Too Many Grads Redux

Kathryn Weinstein
Associate Professor
Queens College, CUNY

A startling revelation concerning outcomes for students graduating with graphic design degrees emerged from Steven Heller’s (2005) article, Too Many Grads or Too Few Competencies? The Design School Dilemma. The article estimated that as many as fifty percent of students graduating from design programs quit the field within one year after graduation. Is the fallout due to design programs graduating too many students who lack the competencies for gainful employment in the field or is there simply a glut of graduates relative to the number of entry-level positions?

This study examines whether there are an excess number of graphic design graduates in relationship to the actual number of jobs available nationally. The author compares the number of students graduating from four-year colleges with a degree in graphic design or related fields in 2013 against the number of estimated job openings during the same time period. Additionally, the author estimates the number of graduates from other types of accredited degree programs that may increase competition for the same types of jobs as graduates with bachelor degrees in graphic design. The results reveal the extent to which the field may be over-saturated for entry- level employment in graphic design. This study may be used as a basis for further research for design educators.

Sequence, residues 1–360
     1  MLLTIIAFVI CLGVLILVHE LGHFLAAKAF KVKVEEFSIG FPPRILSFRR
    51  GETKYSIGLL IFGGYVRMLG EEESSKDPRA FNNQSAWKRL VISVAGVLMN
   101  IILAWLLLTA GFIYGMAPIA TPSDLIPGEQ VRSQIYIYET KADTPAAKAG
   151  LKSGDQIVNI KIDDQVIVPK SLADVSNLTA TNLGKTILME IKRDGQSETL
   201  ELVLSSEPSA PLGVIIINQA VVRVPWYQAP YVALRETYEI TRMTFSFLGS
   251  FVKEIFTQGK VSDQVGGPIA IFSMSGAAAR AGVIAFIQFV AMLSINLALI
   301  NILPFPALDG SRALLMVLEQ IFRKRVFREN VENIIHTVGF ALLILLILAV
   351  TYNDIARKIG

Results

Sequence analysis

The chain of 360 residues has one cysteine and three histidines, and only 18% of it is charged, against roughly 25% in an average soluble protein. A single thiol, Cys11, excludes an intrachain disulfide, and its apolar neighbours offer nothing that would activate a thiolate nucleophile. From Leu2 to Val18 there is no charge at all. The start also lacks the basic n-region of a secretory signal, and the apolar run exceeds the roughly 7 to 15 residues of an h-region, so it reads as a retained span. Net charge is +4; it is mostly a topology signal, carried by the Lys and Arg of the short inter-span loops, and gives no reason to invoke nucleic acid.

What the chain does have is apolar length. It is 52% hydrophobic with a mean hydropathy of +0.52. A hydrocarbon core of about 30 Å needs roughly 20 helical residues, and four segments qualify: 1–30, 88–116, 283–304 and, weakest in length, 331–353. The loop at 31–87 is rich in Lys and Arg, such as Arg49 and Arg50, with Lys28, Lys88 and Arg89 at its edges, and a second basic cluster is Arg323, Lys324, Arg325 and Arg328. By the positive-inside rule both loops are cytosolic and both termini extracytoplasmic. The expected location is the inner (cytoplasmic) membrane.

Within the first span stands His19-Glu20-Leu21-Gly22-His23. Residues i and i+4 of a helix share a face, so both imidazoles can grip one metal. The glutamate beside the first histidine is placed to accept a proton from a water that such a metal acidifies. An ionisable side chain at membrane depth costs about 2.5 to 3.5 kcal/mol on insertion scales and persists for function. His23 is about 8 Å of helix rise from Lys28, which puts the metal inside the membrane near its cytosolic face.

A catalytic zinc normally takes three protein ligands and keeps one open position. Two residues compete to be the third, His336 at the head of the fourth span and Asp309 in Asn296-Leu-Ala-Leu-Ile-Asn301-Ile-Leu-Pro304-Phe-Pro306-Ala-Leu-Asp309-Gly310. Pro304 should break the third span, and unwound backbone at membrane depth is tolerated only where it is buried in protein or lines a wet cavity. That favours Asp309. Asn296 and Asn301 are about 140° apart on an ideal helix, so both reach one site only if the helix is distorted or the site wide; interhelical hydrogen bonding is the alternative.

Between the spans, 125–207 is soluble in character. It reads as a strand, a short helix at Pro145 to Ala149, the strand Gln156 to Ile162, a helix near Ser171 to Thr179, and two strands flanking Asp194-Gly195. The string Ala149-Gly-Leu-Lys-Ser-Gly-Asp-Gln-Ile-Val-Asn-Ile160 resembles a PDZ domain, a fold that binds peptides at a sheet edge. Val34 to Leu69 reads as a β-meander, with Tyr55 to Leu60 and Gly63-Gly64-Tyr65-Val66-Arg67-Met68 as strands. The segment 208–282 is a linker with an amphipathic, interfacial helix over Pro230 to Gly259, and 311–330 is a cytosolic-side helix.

PRESENTATION: TooManyGrads_K_Weinstein_3_2015

This research was presented at the Design Incubation Colloquium 1.5: Rhode Island School of Design on Saturday, March 7, 2015.